Growing up in church I heard that judging people was wrong (and, ironically, heard an awful lot of judging). I think the problem is that most people don’t understand what judgement is, where it comes from, and the dangers it brings. We’ll cover all that, but let’s start with the basics: you should never judge someone.
What Judgement Is
Over the years I’ve heard a lot of confusion about what judgement is. Growing up in church, we knew that we shouldn’t judge, but there were all kinds of loopholes.
I’d hear “this person isn’t a Christian”, or “judgement doesn’t count when you’re sinning”, or any other made up argument. There were tons. A lot of them centered around the fact that people didn’t realize that it all boiled down to how we treat others.
The reason we never judge someone is because we never know where that person is coming from. When we pre-define people, we are coming from a place of ignorance and acting as if it’s a place of enlightenment.
Sure that new person in book club doesn’t like to share their life, but it’s not because they’re rude, but because they’ve been in an abusive relationship; they are embarrassed, scared, and found too many people who they couldn’t rely on. Yes, the person you’ve been asking to join friends for a night out keeps declining, but it’s not because they aren’t friendly, but because they’re struggling financially and are embarrassed about it.
We know certain actions are bad, but when we start labeling people as bad, we make assumptions instead of understanding. That’s why we need to understand where judgement comes from. The most accurate explanation I heard was from a fictitious soccer coach.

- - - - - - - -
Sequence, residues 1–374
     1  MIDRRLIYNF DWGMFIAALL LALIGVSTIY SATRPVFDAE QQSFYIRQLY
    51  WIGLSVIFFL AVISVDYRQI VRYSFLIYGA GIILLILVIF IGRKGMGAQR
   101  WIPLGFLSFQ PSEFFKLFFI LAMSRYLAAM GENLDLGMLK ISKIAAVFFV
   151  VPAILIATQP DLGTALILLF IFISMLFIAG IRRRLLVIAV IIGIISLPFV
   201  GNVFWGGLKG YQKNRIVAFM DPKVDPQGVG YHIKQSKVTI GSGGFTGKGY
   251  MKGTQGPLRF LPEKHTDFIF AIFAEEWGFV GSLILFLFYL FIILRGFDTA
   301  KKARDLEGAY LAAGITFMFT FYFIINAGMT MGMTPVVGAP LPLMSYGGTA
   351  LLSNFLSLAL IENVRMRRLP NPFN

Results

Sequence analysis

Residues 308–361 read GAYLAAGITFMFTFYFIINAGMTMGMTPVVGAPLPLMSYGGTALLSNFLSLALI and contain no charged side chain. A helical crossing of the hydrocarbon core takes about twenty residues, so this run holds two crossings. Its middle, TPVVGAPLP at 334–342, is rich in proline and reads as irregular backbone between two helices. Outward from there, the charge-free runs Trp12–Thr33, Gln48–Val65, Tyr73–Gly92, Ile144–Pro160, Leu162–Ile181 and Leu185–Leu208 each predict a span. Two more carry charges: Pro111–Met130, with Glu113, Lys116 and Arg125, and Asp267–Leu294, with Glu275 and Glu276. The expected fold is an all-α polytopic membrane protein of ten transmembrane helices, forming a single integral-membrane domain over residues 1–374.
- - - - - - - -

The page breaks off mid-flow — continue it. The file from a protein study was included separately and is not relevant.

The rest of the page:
Where Judgement Comes From
If you’ve never watched Ted Lasso, you should. It’s incredible. When I first heard about it – an American football coach who goes to the UK to coach soccer (or as they call it, football) – you would be hard pressed to measure my interest. When I saw the trailer, that didn’t change.
It wasn’t until I started hearing from others on social media who absolutely raved about it that I became interested. I finally broke down and gave it a try. 10 minutes in I was hooked. (I guess I judged too soon).
Despite the setup, there is very little about the show that has to deal with the sport. It’s really about the effect of someone who really cares about people on the lives of those around him. It’s an incredible show that I don’t have enough thumbs to accurately rate.
Toward the end of the first season, Ted drops some wisdom. It’s about the difference between curiosity and judgement. It’s a truth that explains why we should never judge someone.
As he says “be curious, not judgmental.”
The Danger of Judgement
The problem with judgement is that it labels and predefines people. It takes their actions and forms them into an identity.
When you look at people like Nicky Cruz who went from a violent gang member to someone who has helped millions of people live a better life, you can see that our potential for both bad and good is wide open. Yet instead of trying to understand people and see their potential, we judge them and pigeonhole them into something predefined.
Living with a prejudged mistake is challenging, and the more we are judged and defined, the more we are stuck with lesser possibilities.
But judgement not only limits others, it tells on ourselves. When we are curious as to why someone does what they do, we learn. We grow. We connect. After all, asking is better than knowing.
When we judge we show that we have a very limited view of possibilities. We show that we have a very limited view of ourselves. Judging is the best way to highlight a flaw, but, unfortunately, it’s with ourselves. We highlight our own insecurities instead of embracing the parts of us that can encourage, inspire, and change the world.
Be Curious, Not Judgmental
Never judge someone. Get to know them. Learn what makes them tick. Understand them. Judgement is what limits the world and stifles joy. Curiosity is what makes the world better.
Actions are actions and people are people. The less we judge people, the more we can inspire them to choose better actions.
Change the world. Start with yourself. Be curious, not judgmental.